On last week’s Think Tank, our new reporter Jo Benhamu discussed a letter published in the London journal of Medicine on July 29 th, 1851 from a Dr John McCormack.

It was entitled “OUR RELATIONS WITH HOMEOPATHY”

and was in response to speeches previously published regarding “..prevailing professional laxity and charlatanry, in connection with the homeopathic quackery”.

Dr McCormack had some pretty scathing things to say about homeopathy and its use by “…shallow men and women…able to lure lucre by every imaginable wile from the sick and the silly”.

He went on to say;

“When patients are once secured, they are, ….retained by the combination of every current medical novelty which may at the time be most in favour with the moneyed throng of quack-fanciers“.

“..homoeopathy…is truly a combination of any and every available charlatanic trick,…..and therefore all that remains for us, as men of science and men of integrity, is to give notice, that we exclude from all professional intercourse practitioners who are in any way engaged in using or upholding a system which we think bears upon its very face fraud as well as absurdity“.

Wow, pretty serious stuff. One might imagine you could now get sued for saying things like this, ala, the BCA and Simon Singh.

But McCormack went further than this by listing a series of guidelines desscribing how clinicians who used or practiced homeopathy should be received by their medical colleagues;

—–

“1. That it is the opinion of this (Provincial) Association, that homoeopathy as propounded by Hahnemann, and practised by his followers, is so utterly opposed to science and common sense, as well as so completely at variance with the experience of the Medical Profession, that it ought to be in no way or degree practised or countenanced by any regularly educated medical practitioner.

2. That homoeopathic practitioners, through the press, the platform, and the pulpit, have endeavoured to heap contempt upon the practice of Medicine and Surgery as followed by members of this Association, and by the profession at large.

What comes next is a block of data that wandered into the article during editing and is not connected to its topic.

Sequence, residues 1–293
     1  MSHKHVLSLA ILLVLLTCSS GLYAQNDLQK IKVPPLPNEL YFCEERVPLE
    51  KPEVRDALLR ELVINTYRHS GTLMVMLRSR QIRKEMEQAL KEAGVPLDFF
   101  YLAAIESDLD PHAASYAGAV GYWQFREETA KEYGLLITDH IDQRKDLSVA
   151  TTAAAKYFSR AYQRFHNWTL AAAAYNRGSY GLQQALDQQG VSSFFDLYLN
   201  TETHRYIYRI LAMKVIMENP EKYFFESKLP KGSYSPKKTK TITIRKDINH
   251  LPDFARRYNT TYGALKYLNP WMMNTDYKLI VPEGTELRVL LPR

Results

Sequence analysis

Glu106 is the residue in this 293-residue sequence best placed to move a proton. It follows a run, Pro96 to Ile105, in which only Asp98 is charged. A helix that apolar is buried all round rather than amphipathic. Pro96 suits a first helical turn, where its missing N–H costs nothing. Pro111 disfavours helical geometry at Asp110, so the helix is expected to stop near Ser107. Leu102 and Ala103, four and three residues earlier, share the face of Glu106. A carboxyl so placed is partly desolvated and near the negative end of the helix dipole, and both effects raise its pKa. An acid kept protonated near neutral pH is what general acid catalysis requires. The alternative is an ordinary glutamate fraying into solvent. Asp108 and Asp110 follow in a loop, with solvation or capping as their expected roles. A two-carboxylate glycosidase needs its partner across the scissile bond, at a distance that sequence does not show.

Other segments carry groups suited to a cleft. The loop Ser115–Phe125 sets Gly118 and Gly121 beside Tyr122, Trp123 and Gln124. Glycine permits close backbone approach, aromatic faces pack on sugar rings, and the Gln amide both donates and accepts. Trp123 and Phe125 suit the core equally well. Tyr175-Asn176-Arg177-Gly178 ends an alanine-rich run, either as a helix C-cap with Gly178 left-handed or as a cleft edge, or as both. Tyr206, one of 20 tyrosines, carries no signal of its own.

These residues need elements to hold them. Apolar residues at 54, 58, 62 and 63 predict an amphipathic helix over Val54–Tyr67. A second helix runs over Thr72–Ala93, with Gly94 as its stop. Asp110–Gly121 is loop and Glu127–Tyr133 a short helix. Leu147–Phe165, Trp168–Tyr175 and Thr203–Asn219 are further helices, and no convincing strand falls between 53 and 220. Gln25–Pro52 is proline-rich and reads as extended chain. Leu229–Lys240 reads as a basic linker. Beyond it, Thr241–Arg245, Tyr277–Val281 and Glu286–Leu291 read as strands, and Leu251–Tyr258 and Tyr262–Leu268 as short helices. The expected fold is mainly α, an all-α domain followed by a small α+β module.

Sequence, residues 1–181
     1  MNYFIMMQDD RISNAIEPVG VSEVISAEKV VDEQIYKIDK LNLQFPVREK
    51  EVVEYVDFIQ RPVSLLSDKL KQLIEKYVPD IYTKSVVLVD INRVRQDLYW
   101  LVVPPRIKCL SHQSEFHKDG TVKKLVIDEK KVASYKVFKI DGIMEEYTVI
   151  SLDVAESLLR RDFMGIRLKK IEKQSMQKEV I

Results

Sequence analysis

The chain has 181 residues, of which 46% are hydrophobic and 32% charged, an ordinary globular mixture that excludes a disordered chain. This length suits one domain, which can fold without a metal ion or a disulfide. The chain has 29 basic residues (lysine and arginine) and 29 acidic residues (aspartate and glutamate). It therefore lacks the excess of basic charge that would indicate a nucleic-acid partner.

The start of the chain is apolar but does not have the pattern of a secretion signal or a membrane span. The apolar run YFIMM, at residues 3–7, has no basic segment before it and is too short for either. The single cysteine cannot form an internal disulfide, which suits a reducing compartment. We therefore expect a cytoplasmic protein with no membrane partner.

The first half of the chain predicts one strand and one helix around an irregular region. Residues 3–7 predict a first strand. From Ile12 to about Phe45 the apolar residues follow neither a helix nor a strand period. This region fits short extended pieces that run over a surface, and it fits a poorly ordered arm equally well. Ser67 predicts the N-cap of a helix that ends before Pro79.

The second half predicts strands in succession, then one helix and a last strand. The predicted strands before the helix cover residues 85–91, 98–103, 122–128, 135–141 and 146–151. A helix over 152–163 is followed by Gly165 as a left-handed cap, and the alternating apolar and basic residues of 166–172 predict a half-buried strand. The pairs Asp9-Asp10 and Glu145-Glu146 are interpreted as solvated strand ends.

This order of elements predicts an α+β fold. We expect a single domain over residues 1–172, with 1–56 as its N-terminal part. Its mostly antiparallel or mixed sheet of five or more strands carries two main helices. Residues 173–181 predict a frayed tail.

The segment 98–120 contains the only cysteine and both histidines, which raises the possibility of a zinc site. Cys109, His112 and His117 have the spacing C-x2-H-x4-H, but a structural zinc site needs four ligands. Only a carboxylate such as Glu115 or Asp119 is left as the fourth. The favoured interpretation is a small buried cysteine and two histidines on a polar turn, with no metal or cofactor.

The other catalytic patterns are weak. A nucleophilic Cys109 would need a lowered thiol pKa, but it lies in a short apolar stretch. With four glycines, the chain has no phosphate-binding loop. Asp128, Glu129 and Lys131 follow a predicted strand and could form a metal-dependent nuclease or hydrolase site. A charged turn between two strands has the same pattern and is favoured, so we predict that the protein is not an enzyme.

3. That for these reasons it is derogatory to the honour of members of this Association to hold any kind of professional intercourse with homoeopathic practitioners.

4. That there are three classes of practitioners who ought not to be members of this Association, viz.-lst, real homeopathic practitioners; 2nd, those who practise homoeopathy in combination with other systems of treatment; and 3rd, those who under various pretences meet in consultation, or hold professional intercourse with those who practise homoeopathy”.

—-

Finally;

“To adopt resolutions setting forth that the homeopathic dogma and the doctrine of infinitesimal doses have no truthful basis, and are, in fact, mere nonsensical delusions…The worst part of homeopathy, is in my opinion, the DISHONESTY of the majority of those who live by it”.

So there you go, homoeopathy, declared bullshit as early as 1851.

You can find the full reference here.

Tip o’the hat to Jo Benhamu.


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  • Long Live Homeopathy medicine

  • @john, google algorhythm is not smart enough to detect articles in suppport of homeopathy versus those criticising it, or other CAMs for that matter. We all get these ads on our blogs!

  • John Kenafake

    Interestingly if you follow the blog to Homeopathy and its Kindred Spirit[excellant article ] the bottom of the page has a google add for ….
    *
    Chiropractic Brisbane
    See our Special Offer this month! Visit Chiropractic Fortitude Valley …..the google algorhythm got that advertising dollar wrong !!

  • It was recognised well before 1851

    http://www.ratbags.com/rsoles/comment/homeopathyholmes.htm

    Homeopathy and Its Kindred Delusions (1842)
    Oliver Wendell Holmes

  • Pingback: Australian Homeopathy Fatality | Atheist Age()

  • “Homeopathy – declared bullshit since 1851” could put that on a shirt.

  • Grendel

    That’s a good point. In my view the divide should be very clear between sense and nonsense as anything else is confusing for patients.

  • It’s interesting that we see an “accommodationist” approach in health, just as we so often see it with regards to religion. From pharmacies that stock all manner of CAM products to doctors who apparently refer patients to chiropractors – and this is despite the fact that much of the alternative health industry is built on the condemnation of mainstream, evidence-based medicine.